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Baniel says that the company’s goal is to team up with fermentation plants to complete the last stage of ethanol production. “When we started, we thought we might need to go all the way to biofuel,” he says. “However, we discovered that there are technologies for fermentation of sugars that are way ahead of anything that we possess.”

The company anticipates that its pilot plant will be ready in the latter part of 2010. In the meantime, Baniel says that the company will test multiple steps of its process at various industrial plants in Israel to see whether the technology can run efficiently at large scales.

James McMillan, manager of biochemical refining process research and development at the National Renewable Energy Laboratory, in Golden, CO, says that scaling up the technology to run robustly is the key to its long-term success. “The proof in the pudding is demonstrating it performs under robust conditions and can handle upsets that happen in the real world, all at a cost that’s attractive in the marketplace,” says McMillan. “That’s what has to be shown.” He adds that when it comes time to build a plant, the company may have to invest in expensive materials to contain HCL, which is extremely corrosive and potentially volatile, especially in its gaseous phase.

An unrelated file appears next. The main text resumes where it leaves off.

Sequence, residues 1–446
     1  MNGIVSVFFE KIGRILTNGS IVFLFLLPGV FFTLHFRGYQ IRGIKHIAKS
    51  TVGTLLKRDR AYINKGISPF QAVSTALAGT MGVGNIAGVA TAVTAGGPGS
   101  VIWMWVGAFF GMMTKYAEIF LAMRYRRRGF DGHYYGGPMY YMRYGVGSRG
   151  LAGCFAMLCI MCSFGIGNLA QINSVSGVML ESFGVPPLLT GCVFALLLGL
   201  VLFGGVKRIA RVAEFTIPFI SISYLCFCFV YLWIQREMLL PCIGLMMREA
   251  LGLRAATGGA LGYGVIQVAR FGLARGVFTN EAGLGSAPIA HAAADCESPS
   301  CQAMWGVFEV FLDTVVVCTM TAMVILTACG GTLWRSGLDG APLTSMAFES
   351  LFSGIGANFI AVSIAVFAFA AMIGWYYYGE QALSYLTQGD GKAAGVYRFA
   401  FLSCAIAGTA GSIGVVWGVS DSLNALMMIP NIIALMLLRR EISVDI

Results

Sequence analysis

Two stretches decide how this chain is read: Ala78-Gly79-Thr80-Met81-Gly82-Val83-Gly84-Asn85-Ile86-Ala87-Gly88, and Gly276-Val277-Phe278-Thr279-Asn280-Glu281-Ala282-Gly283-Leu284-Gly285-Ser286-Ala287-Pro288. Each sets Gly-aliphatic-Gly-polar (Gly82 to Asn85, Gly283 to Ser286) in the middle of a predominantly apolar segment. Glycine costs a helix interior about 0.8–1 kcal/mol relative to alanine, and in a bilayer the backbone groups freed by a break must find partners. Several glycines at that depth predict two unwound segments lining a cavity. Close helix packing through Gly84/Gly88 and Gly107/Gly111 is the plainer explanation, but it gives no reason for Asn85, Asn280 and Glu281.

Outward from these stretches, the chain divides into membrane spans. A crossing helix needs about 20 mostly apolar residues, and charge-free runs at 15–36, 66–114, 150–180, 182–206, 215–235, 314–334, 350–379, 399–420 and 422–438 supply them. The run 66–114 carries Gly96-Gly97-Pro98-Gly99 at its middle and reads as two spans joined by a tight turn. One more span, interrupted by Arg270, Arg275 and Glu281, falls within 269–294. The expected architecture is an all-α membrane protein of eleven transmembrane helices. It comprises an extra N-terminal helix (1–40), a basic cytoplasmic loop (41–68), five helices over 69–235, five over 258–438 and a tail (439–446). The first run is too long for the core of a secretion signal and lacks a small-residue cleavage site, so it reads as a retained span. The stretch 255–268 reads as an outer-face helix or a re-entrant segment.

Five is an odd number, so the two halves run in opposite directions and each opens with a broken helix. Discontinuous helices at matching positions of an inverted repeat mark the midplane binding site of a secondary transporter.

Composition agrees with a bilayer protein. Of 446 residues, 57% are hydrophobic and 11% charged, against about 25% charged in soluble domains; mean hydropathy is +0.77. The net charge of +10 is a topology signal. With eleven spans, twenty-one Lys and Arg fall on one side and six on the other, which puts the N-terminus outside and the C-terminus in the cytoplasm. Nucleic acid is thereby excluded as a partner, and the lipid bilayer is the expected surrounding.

Another company that is using concentrated acid hydrolysis to produce ethanol is BlueFire Ethanol, based in Irvine, CA. The company is using sulfuric acid, which is slightly cheaper than HCL, to break down sugars from cellulosic sources like municipal solid waste and wood residues. John Cuzens, chief technology officer at BlueFire Ethanol, says that recycling HCL in a gaseous form may help improve sugar yields. However, he cautions that HCL-Cleantech will have to account for the increased risk associated with potential hydrochloric gas emissions.

“Their process may have chlorine gas escaping, and the chlorine gas will corrode everything outside and inside the reactor,” says Cuzens. “So the carbon steel walkways–virtually everything in the plant they have to watch for.”

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Tagged: Business, Energy, biofuel, ethanol, biomass, cellulosic ethanol, wood chips, Khosla Ventures

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